Whenever someone has a passion for a cause their excitement is contagious. And so we were captivated by the addresses of Sadpha Bennett, national science coordinator in the Ministry of Education, and Digicel's senior manager for corporate relations, Trisha Williams-Singh, who is a dedicated advocate for early childhood education. Teacher Morgan took us to the lab storeroom and showed us the neat rows of microscopes and other equipment, including a brand-new refrigerator. “We cannot be more thankful,” he enthused.

To make our students employable, we need to promote STEM (science, technology, engineering and mathematics). STEM jobs are projected to grow by 17 per cent and to produce millions of new opportunities globally in the next 10 years. In contrast, job growth in other professions is projected to be less than 10 per cent; moreover, STEM employees typically earn 26 per cent more than those in non-STEM positions.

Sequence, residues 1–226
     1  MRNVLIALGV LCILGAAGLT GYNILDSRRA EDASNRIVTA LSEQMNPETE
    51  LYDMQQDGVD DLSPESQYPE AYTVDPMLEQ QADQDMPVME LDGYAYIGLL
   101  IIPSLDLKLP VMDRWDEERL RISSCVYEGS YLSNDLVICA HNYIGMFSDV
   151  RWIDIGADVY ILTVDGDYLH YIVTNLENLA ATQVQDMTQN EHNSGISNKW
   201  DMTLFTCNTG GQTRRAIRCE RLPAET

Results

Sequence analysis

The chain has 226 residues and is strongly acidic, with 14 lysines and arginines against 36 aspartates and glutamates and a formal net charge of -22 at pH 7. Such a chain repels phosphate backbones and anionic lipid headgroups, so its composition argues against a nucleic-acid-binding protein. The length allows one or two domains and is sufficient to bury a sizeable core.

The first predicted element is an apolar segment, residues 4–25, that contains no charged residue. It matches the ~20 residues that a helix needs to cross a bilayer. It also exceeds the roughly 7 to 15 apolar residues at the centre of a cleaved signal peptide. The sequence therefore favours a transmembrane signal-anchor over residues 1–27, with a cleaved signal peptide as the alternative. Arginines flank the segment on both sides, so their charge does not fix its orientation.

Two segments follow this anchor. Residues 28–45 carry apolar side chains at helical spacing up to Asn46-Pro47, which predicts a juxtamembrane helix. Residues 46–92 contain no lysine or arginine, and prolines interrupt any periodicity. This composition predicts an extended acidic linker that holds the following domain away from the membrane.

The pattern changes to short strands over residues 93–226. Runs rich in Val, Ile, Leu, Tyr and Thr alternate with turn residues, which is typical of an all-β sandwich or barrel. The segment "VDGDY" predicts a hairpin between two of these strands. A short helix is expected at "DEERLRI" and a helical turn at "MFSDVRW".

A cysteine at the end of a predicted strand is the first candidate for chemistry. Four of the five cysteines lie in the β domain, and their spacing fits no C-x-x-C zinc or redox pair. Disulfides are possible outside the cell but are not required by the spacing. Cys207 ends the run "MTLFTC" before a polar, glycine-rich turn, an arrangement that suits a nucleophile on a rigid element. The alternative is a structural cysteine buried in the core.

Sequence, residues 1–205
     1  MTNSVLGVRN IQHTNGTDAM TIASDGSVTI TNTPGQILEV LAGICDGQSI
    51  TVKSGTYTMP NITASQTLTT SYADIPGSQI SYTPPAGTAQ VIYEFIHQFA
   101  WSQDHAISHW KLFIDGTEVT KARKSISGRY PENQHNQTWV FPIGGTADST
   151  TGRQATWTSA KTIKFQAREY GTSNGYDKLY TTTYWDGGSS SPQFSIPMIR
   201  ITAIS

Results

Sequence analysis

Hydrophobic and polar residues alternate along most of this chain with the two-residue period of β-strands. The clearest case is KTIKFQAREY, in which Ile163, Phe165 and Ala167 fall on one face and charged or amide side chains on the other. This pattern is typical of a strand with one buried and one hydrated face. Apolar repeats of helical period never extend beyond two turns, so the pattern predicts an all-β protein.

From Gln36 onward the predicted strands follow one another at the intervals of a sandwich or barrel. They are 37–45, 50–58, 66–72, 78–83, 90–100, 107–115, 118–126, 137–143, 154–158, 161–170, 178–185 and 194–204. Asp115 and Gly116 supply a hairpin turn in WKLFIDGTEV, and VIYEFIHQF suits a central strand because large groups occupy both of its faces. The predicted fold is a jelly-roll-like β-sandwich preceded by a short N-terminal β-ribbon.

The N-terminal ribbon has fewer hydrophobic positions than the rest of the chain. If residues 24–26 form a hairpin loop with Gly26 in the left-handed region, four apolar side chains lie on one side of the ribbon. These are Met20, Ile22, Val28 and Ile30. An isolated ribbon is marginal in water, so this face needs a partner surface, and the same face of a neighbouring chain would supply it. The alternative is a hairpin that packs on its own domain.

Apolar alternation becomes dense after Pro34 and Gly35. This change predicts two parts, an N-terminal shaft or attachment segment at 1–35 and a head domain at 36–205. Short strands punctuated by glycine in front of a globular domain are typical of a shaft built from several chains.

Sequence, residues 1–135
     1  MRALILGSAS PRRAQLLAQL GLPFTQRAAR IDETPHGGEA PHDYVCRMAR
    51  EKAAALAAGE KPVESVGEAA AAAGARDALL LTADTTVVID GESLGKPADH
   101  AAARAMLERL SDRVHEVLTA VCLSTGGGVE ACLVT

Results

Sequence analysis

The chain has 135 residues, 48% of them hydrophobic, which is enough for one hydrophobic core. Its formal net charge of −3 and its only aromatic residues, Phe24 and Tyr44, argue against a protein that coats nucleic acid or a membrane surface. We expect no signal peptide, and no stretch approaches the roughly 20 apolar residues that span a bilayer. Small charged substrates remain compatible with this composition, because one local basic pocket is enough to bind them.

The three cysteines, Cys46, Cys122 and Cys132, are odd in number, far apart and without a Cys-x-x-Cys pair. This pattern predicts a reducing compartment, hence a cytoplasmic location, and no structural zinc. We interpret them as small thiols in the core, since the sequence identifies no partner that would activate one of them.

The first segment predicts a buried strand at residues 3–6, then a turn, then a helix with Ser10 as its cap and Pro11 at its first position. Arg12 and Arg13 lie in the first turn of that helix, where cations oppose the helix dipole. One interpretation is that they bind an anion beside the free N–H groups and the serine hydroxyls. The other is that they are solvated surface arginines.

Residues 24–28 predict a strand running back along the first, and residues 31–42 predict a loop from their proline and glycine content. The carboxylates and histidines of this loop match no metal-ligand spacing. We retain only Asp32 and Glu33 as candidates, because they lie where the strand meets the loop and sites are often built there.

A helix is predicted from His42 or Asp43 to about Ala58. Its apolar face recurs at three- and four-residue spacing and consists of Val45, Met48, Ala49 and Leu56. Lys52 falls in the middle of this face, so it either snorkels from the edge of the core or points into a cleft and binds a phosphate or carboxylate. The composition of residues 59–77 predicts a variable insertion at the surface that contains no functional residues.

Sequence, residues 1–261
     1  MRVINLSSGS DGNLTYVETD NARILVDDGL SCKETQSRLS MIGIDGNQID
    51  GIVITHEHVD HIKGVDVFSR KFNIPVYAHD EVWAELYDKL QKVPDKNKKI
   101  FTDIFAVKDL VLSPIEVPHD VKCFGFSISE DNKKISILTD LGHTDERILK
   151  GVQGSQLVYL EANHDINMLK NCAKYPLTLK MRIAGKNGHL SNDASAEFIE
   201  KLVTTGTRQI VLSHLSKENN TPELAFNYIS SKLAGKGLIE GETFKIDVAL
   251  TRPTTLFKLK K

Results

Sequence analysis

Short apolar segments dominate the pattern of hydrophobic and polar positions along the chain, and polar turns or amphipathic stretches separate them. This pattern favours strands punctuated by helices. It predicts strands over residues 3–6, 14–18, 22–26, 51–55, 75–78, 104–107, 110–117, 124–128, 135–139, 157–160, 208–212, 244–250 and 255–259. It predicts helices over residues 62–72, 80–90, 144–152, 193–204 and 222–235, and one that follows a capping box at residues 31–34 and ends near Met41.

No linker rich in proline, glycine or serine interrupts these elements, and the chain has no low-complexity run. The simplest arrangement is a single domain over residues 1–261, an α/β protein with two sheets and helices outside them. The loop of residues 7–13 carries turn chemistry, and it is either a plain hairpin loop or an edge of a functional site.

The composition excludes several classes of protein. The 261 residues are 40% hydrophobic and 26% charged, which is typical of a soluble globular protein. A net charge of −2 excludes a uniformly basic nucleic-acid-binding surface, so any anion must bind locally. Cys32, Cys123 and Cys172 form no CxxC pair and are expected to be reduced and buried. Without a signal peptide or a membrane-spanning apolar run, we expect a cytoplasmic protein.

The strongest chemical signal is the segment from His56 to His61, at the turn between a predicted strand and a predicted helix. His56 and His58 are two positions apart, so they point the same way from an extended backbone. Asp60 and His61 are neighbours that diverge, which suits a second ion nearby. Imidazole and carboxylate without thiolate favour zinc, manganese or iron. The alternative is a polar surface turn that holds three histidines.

In his message for the opening of the new lab, Portland Western Member of Parliament Daryl Vaz noted, “Buff Bay High School has become a champion in sports for the eastern part of the island. I expect now that its report card will reflect greater performance in the science subjects. As we all know, mathematics and the science subjects continue to present a challenge for our students. This renovation project should create the right ambiance and be instrumental in a better teaching [and] learning environment for our students.”

Having met these students and their dedicated teachers, I feel confident that we will see much improvement in the years to come at Buff Bay High School.

lowriechin@aim.com

www.lowrie-chin.blogspot.com